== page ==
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Correlations Between T Cell Levels of NF-kB/p65 Protein and Variables of Disease Activity in Sarcoidosis FREE TO VIEW

Laura C. Barber, MD; Nam S. Lee; Yash Kataria; Manni Kavuru; Sergio Arce, MD
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East Carolina University, Greenville, NC

Chest. 2010;138(4_MeetingAbstracts):740A. doi:10.1378/chest.10677
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PURPOSE: NF-kB/p65 is critical for the control of a variety of cellular processes including activation, proliferation and cytokine production. Expression of p65 protein in CD4+ T-cells is significantly reduced in a subgroup of sarcoidosis patients. Here, we compared clinical variables of disease activity between groups of sarcoid patients that exhibited normal or reduced p65 levels in their CD4+ T-cells. Associations between p65 levels and absolute numbers of B- and T-cells were also investigated.

METHODS: A retrospective chart review of 43 patients with known reduced (n=21) or normal (n=22) p65 levels was performed. Clinical data including demographics, number of organs involved, disease activity, radiologic staging, and therapy regimen was analyzed. Absolute lymphocyte counts were calculated, in patients and controls, from the CBC/differential obtained on a hematologic analyzer, and the percentages of CD4+ or CD19+ cells obtained by FACS.

RESULTS: Compared to what was observed in p65 competent patients, multiple (≥3) organ involvement (41% vs. 13%, P= 0.056) and stage IV pulmonary sarcoidosis (41% vs. 4%, P=0.007) were predominantly seen in the p65 deficient group. p65 deficient patients also had more clinically active (76% vs. 6%, P=0.0023) and worsening disease (42% vs. 9%, P=0.017), and were on more corticosteroids (66% vs. 45%, P=0.00526) or combined therapy (57% vs. 36%,= 0,0013) than patients competent for p65. Finally, p65 deficient patients exhibited significantly reduced absolute CD4+ (259.7 ± 365.8 vs. 673.1 ± 653.4 cells/μl, P=0.009) and CD19+ (1022 ± 936.1 vs. 174 ± 1688 cells/μl, P=0.0048) cell counts in comparison to what was found in p65 competent patients and controls.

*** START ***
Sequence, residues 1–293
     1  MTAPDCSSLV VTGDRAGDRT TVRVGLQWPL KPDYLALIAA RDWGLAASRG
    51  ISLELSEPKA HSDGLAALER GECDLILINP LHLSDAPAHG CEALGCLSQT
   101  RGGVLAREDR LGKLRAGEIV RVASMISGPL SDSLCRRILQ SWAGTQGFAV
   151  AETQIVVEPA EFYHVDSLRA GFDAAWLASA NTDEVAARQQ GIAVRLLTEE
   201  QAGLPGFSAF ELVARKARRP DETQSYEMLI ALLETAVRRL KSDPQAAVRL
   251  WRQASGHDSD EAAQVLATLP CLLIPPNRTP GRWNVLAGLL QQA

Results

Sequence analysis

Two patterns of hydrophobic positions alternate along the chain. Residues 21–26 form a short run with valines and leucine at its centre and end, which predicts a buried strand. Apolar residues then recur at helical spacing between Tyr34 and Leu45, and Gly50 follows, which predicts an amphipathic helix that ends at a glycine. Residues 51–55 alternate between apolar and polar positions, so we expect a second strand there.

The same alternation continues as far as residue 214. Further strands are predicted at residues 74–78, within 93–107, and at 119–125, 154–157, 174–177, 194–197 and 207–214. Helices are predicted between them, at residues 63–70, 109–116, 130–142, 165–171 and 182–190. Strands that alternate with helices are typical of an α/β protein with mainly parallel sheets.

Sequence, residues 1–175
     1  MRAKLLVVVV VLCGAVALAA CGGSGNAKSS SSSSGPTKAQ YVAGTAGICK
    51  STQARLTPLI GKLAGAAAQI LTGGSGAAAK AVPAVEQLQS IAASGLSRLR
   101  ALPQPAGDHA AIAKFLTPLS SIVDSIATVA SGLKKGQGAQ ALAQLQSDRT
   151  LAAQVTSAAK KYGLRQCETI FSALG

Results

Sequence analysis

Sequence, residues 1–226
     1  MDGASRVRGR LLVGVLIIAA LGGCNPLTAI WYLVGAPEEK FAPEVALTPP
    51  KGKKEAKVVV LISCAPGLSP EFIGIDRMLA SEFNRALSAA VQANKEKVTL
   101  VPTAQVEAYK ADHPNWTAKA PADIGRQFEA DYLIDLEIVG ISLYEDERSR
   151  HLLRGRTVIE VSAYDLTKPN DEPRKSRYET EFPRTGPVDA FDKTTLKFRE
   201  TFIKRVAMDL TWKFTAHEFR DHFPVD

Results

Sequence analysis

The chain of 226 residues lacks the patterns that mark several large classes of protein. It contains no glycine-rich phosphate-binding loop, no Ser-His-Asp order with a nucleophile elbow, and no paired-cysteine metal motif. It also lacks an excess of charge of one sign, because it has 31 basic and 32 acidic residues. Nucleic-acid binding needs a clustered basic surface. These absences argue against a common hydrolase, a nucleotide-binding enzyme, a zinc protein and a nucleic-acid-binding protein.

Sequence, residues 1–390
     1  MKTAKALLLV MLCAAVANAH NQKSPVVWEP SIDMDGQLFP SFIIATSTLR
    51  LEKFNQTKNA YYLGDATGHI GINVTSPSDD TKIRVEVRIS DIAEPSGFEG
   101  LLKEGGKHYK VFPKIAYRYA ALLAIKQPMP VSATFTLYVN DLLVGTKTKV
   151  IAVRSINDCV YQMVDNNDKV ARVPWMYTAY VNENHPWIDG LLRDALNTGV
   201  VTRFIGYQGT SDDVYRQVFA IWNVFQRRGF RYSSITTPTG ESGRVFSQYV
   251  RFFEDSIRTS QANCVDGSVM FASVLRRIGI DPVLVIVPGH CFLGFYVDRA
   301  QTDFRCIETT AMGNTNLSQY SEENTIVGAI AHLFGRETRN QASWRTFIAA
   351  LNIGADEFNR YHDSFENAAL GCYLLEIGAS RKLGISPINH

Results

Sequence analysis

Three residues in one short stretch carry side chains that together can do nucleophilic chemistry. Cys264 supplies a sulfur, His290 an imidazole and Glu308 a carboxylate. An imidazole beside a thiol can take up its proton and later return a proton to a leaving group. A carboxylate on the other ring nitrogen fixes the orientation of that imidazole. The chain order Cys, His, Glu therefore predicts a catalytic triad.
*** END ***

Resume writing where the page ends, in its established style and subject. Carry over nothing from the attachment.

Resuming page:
CONCLUSION: This study provides the first report comparing clinical, radiological and laboratory variables of sarcoidosis patients based on levels of p65 protein in their T-cells. Patients who had reduced p65 levels exhibited more active/persistent disease, had a greater systemic involvement, responded poorly to steroid therapy and had significantly reduced absolute lymphocyte counts.

CLINICAL IMPLICATIONS: Assessment of p65 levels could help to predict more aggressive disease and poor response to corticosteroids therapy in sarcoidosis.

DISCLOSURE: Laura Barber, No Financial Disclosure Information; No Product/Research Disclosure Information

08:00 AM - 09:15 AM




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